China's financing terms for Iran's energy and petrochemical projects are suitable, the chairman of Iran-China Chamber of Commerce said, stressing that these pave the way for China's stronger presence in Iranian projects.
"The Chinese [offer loans to] finance petrochemical development projects with an interest rate of 6-12% ... That's a suitable rate and on a par with international standards," Asadollah Asgaroladi was also quoted as saying by NIPNA on Saturday.
Asgaroladi said that after the lifting of international economic restrictions in early 2016, the central banks of Iran and China took measures to boost financial and banking relations and ease China's investment in the country.
The official said Tehran and Beijing reached an agreement to jointly fund Iranian development projects backed by the two governments, with Chinese investors to provide 85% of funds and the rest to be sourced through the Central Bank of Iran.
"State-owned Bank of Industry and Mine and privately-run Parsian Bank handle the executive affairs of finances," he said.
He added that over the past several years, Chinese companies have played a role in Iran's petrochemical sector and presently there is a huge ground for collaboration with China in Iran's key petroleum industry.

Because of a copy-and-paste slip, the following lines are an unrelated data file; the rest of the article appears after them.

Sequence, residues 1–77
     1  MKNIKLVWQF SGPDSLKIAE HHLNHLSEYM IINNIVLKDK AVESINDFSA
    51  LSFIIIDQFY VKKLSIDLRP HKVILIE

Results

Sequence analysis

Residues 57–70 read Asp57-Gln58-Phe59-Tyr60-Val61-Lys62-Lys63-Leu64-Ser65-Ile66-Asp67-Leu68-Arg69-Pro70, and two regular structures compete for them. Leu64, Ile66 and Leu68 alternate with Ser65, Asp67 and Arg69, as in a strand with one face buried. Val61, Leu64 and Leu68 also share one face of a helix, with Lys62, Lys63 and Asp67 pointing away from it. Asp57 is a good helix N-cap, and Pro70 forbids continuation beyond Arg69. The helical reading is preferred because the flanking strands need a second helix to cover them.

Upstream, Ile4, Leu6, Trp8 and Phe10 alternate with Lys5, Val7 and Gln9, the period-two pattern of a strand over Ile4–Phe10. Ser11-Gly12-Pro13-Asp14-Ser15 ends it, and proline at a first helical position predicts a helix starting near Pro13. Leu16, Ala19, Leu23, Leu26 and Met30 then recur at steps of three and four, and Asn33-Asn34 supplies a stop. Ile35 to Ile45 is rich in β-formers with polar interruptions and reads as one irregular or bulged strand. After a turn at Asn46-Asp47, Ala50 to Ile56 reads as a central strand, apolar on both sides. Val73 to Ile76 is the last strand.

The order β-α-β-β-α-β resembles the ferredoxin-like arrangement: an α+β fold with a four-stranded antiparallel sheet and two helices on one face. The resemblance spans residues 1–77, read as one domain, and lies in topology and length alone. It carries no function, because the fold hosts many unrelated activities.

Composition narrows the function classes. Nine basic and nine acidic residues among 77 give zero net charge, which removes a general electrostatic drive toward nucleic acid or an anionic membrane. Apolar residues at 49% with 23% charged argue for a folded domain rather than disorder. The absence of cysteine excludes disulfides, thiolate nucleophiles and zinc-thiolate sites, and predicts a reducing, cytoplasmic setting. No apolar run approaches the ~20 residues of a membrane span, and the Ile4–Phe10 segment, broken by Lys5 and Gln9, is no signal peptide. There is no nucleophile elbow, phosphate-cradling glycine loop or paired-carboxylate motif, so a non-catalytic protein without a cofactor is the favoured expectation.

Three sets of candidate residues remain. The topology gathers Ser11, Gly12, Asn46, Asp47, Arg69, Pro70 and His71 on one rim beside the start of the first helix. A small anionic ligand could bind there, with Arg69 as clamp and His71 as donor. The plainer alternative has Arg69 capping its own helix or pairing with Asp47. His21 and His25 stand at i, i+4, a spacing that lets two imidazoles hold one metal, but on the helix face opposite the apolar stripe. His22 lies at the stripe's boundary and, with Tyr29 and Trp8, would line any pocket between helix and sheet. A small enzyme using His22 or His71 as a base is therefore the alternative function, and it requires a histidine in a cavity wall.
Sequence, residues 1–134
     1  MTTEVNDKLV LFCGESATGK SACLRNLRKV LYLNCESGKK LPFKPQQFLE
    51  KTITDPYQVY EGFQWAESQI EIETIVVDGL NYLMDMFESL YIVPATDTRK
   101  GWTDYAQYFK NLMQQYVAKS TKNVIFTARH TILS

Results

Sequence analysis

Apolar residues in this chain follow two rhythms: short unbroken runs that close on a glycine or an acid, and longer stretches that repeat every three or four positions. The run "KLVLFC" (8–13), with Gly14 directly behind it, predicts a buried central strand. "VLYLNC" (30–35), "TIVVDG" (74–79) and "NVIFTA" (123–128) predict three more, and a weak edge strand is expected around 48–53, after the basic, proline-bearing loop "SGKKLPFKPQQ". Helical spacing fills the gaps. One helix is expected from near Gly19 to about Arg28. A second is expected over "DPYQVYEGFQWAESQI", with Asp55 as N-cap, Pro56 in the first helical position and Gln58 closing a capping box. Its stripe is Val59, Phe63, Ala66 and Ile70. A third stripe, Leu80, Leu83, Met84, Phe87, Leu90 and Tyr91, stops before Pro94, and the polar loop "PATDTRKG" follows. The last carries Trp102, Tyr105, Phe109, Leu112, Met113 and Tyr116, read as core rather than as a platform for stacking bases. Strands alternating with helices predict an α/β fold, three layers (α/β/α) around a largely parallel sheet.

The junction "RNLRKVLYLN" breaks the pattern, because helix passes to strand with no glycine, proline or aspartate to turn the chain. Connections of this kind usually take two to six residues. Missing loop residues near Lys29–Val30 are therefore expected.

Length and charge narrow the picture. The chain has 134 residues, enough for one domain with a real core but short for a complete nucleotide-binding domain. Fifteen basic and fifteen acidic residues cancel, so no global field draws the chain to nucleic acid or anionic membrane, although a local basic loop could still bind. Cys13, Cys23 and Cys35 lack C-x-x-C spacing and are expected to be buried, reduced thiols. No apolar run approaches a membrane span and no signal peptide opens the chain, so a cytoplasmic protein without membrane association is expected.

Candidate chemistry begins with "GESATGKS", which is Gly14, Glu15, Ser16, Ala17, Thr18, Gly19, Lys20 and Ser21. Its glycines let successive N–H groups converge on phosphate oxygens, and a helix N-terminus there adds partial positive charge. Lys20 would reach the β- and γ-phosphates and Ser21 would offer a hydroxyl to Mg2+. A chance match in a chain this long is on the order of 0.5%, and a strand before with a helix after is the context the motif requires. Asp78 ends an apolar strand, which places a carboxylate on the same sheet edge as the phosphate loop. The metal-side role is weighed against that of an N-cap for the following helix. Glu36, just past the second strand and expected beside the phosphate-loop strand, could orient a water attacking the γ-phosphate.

Asgaroladi believes that China can help Iran in terms of financing and supplying equipment, "but Iran is ahead of China in terms of technical know-how".
Chinese companies have played an increasing role in Iran's quest to reform its energy and petrochemical sectors, revamp aging refining facilities and expand oil and gas transfer and export infrastructure.
Earlier this year, China's Petroleum and Chemical Corporation, also known as Sinopec, finalized a contract to expand Abadan Oil Refinery in southern Khuzestan Province.
The first phase of the project, worth $1.2 billion, is to be financed by China's Sinosure, the country's state-owned export credit agency. In September, Iran and China signed a finance deal worth $10 billion for water management, energy, environment and transport projects.
Oil and gas producer CNPC is also part of a $5-billion gas project in the Persian Gulf that sees French energy major Total as the leader, with speculations already circulating on CNPC's interest in acquiring Total's stake in the project if it opts to leave to avoid western sanctions.
Officials say China accounts for nearly 40% of Iran's petrochemical and 70% of polymer exports.
The world's biggest energy consumer is also the top customer of Iranian crude oil, ahead of India, Japan and South Korea.